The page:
Ohio does not require money in escrow to protect our citizens from a company going bankrupt. Our bonds aren’t even big enough to pay for the cranes which will dismantle the machines, but this county was SMART. Why is Everpower requesting this? Could it be that they plan to leave this area after a short time? Because these foreign companies are given accelerated depreciation and then tax subsidies for the 1st 10 years of production, some companies ‘leave Dodge’ at approximately year 7. Remember, the gearbox warranties typically expire at year 5 and some studies show an actual turbine life of only 10-15 years….Everpower appears to be making exit plans….
When the Big Sky wind farm started a few years ago in Bureau County, it set aside money in escrow, in case the company abandoned the project and the county needed to take down the turbines.
That money was required by the county. The account contains nearly $1.8 million.
Now, the wind farm’s prospective owner wants to do away with the escrow account and go, instead, with a letter of credit, which is a bank-guaranteed promise to pay….
Ever Power has 114 turbines, about evenly split between Bureau and Lee counties, many of which surround the Bureau County village of Ohio.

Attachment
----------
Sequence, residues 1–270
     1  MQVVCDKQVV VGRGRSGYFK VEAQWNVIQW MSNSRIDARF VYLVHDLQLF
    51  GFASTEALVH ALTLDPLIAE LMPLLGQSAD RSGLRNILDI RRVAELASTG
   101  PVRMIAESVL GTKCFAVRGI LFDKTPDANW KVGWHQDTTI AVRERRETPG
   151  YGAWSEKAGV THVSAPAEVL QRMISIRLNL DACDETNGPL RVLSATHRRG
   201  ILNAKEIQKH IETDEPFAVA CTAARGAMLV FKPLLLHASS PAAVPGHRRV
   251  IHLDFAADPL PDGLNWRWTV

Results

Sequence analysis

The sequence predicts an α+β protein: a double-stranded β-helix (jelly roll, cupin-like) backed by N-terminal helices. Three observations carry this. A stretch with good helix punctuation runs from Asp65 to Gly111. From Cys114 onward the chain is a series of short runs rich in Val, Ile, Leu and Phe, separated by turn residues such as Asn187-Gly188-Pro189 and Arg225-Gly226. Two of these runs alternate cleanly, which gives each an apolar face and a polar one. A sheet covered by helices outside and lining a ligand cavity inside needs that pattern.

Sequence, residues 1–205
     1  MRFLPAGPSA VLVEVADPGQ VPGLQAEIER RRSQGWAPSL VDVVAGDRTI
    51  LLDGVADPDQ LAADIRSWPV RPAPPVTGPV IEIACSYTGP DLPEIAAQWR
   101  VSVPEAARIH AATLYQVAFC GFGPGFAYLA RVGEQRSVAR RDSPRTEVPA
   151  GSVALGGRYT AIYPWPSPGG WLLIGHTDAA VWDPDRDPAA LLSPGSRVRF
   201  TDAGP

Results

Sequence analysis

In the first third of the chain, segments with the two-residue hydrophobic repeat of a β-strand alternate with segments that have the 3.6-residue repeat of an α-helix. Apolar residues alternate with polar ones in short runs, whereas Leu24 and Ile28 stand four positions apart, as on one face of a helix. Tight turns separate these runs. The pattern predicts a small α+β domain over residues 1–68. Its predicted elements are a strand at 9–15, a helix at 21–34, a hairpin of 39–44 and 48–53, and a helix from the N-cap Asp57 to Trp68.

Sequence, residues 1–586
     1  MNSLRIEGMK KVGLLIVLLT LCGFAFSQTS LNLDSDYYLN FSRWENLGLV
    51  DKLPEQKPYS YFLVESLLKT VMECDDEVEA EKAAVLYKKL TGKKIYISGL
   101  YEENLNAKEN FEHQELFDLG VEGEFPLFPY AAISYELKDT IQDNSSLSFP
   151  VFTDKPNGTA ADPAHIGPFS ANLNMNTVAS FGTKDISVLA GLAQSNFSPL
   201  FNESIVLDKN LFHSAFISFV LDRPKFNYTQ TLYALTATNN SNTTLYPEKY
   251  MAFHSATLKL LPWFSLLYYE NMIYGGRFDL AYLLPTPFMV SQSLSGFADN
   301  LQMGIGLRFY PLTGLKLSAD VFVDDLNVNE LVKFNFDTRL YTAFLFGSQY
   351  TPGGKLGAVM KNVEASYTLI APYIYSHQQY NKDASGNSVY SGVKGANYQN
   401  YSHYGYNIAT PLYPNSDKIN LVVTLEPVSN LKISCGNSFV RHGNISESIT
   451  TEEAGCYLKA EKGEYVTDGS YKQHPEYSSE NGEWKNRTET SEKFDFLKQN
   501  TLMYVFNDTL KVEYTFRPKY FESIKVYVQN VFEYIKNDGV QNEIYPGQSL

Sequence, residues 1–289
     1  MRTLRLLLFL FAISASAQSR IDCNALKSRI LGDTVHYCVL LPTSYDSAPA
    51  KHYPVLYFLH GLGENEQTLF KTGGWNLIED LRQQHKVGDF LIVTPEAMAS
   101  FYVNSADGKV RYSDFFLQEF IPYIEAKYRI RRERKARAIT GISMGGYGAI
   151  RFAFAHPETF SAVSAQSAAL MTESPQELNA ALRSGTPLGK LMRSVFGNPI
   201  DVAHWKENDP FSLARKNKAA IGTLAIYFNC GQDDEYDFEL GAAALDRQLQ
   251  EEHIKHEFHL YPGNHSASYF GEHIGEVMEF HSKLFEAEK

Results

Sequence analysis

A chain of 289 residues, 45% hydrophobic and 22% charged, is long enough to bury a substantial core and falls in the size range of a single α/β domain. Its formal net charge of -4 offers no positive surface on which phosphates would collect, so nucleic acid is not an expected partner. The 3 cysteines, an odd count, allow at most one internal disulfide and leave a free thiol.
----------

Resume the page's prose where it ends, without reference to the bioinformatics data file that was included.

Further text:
Deb Anderson, who lives in that area, has long called for more regulation of wind turbines, including tough decommissioning standards.
“A letter of credit is only as good as the paper it’s written on,” Anderson said. “The way the banking industry is right now, what’s to say the bank won’t go belly up?”
Besides, she said, the nearly $1.8 million is nowhere near the amount of money that would be needed to take down the turbines.
Former Franklin Grove Village President Bob Logan, who has researched wind energy issues, agreed.
“Cash escrow means you have the money on hand,” Logan said. “If the [wind] companies go bankrupt, as many of them do, the letters of credit are worthless. Cash escrow is definitely better than a line of credit.”…